INSO lifts embargo on DRC report

‘In Their Eyes: the perception of aid and humanitarian workers by irregular combatants in the Democratic Republic of Congo’ (March, 2014)

Download the full PDF report here


As INSO prepares to launch regular thematic reports, we are sharing the findings of our first research project conducted by Justine Brabant and Christoph Vogel. In a complex yet relatively accessible context characterised by a myriad of armed actors, this comprehensive study seeks to examine the perception of humanitarian organisations and their work by irregular combatants in Eastern DRC.


The results, which were based on an analysis of 75 interviews with 15 armed groups as well as a questionnaire completed by 45 NGO representatives in North and South Kivu, highlighted two main conclusions. Firstly, and despite the heavy presence of irregular combatants in their areas of operation, many NGOs have never engaged with armed groups in Eastern DRC. Secondly, while responses varied depending on personal dispositions and motivations, armed groups generally demonstrated a positive view of humanitarian organisations and principles but criticised NGOs for a perceived incompetence, nepotism and corruption in delivering assistance.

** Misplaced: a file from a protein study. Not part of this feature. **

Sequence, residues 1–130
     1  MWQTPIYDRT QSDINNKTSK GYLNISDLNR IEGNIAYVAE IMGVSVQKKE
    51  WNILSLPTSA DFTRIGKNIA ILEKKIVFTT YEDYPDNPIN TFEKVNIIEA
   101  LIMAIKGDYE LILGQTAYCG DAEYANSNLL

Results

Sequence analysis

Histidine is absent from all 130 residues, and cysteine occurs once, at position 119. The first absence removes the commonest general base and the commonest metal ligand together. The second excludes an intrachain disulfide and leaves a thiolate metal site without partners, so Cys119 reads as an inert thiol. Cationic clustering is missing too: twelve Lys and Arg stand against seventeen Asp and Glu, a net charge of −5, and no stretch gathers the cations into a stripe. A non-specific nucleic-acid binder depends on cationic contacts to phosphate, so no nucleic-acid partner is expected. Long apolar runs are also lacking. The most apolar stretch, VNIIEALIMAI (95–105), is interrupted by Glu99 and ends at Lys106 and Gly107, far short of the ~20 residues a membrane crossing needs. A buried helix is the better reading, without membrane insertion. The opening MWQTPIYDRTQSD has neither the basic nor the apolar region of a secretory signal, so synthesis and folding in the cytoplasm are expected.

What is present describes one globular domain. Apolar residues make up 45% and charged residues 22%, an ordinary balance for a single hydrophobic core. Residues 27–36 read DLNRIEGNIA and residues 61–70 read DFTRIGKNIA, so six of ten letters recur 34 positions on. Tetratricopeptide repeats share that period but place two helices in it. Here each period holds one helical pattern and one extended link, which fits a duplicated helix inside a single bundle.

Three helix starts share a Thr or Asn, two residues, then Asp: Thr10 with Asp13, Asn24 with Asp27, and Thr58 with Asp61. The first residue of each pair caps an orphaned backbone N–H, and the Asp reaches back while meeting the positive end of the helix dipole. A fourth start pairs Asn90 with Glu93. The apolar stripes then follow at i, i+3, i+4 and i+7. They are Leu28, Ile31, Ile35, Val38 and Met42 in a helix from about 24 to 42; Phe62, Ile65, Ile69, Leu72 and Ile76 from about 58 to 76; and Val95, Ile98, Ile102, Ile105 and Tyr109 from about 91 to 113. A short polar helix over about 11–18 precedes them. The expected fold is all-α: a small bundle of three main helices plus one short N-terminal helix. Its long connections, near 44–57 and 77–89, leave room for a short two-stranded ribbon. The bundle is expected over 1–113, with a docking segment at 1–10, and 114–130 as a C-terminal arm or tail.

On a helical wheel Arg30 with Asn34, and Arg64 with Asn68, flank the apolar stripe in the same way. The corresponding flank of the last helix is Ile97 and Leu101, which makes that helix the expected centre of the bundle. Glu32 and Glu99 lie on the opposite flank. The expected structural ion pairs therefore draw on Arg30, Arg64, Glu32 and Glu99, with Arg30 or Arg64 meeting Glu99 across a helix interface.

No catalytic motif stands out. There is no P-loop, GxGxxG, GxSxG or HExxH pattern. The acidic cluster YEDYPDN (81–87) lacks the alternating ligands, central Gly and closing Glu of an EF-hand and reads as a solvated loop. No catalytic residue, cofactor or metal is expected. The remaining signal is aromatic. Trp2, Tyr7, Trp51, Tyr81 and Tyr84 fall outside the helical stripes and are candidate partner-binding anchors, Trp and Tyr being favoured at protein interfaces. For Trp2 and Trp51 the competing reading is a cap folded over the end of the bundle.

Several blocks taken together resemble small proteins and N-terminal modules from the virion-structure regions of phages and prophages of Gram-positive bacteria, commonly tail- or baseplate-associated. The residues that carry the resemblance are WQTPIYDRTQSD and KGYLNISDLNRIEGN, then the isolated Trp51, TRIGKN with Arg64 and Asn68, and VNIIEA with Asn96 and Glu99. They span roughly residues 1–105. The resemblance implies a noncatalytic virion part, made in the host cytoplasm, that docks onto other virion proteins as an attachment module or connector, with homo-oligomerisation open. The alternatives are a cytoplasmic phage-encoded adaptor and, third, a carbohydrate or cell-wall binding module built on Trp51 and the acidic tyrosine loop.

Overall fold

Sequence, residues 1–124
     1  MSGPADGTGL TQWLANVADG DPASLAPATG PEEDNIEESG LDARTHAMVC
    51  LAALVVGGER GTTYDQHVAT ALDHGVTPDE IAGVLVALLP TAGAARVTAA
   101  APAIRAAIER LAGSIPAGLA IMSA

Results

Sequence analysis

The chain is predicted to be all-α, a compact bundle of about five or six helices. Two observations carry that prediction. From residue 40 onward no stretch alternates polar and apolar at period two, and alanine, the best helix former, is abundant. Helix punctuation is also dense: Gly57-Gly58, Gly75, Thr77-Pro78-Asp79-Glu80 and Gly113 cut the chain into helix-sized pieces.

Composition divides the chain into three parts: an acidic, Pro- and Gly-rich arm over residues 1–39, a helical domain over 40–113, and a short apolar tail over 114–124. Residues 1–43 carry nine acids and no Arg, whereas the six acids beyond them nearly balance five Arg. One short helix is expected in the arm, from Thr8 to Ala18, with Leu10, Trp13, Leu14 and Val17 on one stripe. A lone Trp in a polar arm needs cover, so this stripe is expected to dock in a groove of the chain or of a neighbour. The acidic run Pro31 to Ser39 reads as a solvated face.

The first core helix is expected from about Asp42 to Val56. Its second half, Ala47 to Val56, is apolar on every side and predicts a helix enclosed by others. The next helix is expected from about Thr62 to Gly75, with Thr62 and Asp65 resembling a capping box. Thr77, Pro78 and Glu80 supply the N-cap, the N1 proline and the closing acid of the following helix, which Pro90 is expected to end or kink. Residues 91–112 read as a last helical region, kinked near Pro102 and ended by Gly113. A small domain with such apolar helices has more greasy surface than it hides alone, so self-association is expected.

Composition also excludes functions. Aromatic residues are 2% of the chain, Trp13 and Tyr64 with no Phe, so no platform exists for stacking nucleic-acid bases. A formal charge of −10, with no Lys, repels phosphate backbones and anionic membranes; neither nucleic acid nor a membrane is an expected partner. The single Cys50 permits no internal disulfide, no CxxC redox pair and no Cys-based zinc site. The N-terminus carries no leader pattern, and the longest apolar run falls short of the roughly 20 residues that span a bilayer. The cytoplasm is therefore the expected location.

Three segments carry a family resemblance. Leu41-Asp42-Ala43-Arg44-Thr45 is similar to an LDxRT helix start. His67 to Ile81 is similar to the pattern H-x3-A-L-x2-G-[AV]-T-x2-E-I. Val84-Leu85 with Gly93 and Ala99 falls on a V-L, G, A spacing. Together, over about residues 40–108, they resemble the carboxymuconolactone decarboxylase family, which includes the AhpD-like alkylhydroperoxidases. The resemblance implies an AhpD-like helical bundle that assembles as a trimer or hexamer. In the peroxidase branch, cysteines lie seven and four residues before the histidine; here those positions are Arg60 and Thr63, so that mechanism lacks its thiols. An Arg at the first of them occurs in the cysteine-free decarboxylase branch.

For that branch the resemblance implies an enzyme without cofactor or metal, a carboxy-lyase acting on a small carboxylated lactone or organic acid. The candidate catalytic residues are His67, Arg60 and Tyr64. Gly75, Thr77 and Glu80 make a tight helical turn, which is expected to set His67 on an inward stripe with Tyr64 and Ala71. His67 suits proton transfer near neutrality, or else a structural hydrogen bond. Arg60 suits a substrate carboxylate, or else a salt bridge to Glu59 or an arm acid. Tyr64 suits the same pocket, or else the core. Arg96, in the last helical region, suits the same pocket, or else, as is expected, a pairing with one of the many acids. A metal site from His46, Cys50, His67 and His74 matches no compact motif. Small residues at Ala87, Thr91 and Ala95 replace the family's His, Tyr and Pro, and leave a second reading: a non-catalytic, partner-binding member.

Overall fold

Although the report was released to INSO members in DRC over three years ago, it contains some relevant and enduring insights for those seeking to engage with armed actors in other parts of the world as well as for researchers. Primarily, the authors recommend that NGOs construct clear, consistent and inclusive engagement strategies within and across armed groups. By doing so, NGOs will not only establish structured communication systems as opposed to informal personal relationships, but they will also mitigate the risk of appearing selective and biased. The development and application of internal mechanisms related to armed groups will additionally enable NGOs to transparently assess, monitor and report on breaches of humanitarian and operational principles. While in need of updating, the extensive list of predominant actors in the appendix provides NGOs with a basis for identifying and mapping key information regarding armed groups in North and South Kivu. Lastly, and exemplifying the value of INSO’s mandate, this research illustrates that understanding the presence, perceptions and practices of armed groups is instrumental for ensuring the legitimacy, effectiveness and sustainability of humanitarian access.  




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